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Travel Bucket List: India's Breathtaking Hill Stations

Eat, pray and love in these lovely spots that are a picture of sublime tranquillity and mysticism.

Work. Eat. Sleep. Repeat. Do you find yourself relating to these four words more than you would like to? If you do, it’s time for you to take a much-needed break. In fact, going backpacking to a hill station may invoke a sense of peace that you probably haven’t felt in a while. And what better place to feel this sense of satisfaction than India? If you are wondering why we are suggesting you go from one tropical country to another, it’s because the Indian landscape is one of the most diverse. It has deserts, beaches, and of course, hill stations. Some of these hill stations are nestled among the beautiful greenery of the Western and Eastern Ghats, while others dot the foothills of the Himalayas. From cool crisp air and greenery to unexplored terrains, hill stations are a perfect summer retreat.

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Gulmarg, Jammu and Kashmir
Around 52km from Srinagar, lies Gulmarg, or the meadow of flowers. The hill station is a popular spot for those who love winter sports, since the temperature during the peak of winter goes as low as -14˚ Celsius. But what makes this hill station so well-loved is the fact that it is also a great place for those who are looking for a respite from the heat of the summer months. Between May and August, the temperature averages a pleasant 21˚ Celsius. At Gulmarg, you can ride the second highest cable car in the world, tee-off at a golf course situated around 2,650m above sea level, relax by the pristine waters of the Alpather lake, and more. No wonder this hill station was where kings and emperors of yore built their summer homes.   How to get there: Get to Srinagar airport from Delhi. From Srinagar, Gulmarg is an approximate two-hour drive. There are also several bus services that will take you to Gulmarg. Ziro Valley, Arunachal Pradesh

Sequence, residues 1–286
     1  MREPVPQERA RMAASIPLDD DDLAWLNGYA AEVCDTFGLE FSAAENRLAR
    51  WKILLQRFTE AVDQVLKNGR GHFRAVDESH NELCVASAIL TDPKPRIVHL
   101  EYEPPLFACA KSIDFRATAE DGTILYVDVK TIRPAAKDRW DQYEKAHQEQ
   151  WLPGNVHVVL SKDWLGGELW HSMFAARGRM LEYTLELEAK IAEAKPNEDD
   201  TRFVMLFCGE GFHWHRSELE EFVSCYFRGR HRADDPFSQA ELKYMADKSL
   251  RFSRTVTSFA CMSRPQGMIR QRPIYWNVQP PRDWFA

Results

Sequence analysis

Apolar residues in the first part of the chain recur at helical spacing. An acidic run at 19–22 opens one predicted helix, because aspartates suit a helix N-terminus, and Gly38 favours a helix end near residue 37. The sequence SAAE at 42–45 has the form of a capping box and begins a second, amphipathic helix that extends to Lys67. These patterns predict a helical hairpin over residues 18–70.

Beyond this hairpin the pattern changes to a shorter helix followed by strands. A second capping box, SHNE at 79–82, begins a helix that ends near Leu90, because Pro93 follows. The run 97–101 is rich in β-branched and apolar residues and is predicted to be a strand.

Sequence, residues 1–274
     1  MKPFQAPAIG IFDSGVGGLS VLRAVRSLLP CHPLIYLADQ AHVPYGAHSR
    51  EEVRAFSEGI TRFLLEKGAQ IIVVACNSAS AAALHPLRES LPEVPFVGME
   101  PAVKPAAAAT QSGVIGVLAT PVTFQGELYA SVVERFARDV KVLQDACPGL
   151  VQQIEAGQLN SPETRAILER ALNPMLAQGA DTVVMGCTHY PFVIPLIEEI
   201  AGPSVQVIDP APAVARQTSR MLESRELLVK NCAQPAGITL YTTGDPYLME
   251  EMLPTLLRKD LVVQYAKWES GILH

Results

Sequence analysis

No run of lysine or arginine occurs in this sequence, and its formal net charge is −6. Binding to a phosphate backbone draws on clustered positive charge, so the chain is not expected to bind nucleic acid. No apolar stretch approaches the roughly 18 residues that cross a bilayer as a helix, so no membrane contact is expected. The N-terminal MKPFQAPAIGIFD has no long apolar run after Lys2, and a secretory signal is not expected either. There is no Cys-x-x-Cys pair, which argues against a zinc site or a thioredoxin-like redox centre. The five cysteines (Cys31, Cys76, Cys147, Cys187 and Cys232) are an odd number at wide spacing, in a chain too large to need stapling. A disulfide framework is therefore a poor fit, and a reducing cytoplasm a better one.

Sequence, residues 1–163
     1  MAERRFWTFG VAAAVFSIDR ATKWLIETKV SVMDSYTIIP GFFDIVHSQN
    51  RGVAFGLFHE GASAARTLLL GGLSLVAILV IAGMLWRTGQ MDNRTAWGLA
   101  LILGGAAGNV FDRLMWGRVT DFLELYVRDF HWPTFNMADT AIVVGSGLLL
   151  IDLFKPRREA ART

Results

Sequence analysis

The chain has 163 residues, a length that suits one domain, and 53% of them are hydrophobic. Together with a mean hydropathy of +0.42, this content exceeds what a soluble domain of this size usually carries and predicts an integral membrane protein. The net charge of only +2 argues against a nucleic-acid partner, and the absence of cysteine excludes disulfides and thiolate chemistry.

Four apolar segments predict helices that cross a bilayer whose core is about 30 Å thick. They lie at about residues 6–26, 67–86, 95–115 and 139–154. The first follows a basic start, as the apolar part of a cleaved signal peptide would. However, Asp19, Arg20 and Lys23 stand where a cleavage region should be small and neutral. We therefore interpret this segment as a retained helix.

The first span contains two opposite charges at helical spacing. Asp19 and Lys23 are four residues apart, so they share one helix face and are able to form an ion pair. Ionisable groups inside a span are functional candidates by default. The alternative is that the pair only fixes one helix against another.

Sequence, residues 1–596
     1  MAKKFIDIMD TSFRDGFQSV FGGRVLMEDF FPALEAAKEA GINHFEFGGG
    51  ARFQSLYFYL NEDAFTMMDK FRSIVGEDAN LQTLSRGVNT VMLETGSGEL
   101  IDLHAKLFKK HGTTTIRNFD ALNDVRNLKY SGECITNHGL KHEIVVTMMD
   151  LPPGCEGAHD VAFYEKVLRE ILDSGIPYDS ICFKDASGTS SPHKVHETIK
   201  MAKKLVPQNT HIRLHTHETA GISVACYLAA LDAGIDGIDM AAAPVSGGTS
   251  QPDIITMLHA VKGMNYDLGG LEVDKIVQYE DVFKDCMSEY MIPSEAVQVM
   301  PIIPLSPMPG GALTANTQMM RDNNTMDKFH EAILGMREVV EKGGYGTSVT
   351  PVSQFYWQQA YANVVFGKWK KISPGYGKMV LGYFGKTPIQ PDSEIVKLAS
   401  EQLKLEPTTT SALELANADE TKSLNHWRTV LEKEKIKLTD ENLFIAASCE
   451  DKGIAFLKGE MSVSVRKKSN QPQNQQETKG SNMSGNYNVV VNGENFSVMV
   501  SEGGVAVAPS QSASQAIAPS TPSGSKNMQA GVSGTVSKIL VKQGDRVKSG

A great place to go hiking, Ziro Valley is home to the Apatani tribe. This tribe has, over centuries, perfected the coexistence of man and nature. As a result, an untouched aura surrounds this UNESCO World Heritage Site. Apart from its rich culture and lush greenery, Ziro is a popular destination for music lovers thanks to the Ziro Music Festival. The festival provides independent artists from all over the world a platform for their art. Hosted by the Apatani people, the music festival is one you shouldn’t miss if you plan to visit Ziro Valley in September. Note: since Arunachal Pradesh is a protected area, you will have to obtain a Protected Area Permit (PAP). The fee is around S$30 for a permit and is valid only for the route that you specify.   How to get there: The closest airports are in Tezpur and Likabali in Assam. From Likabali it is a six-and-a-half-hour journey to Ziro Valley, while it takes around eight hours to get there from Tezpur. Kausani, Uttarakhand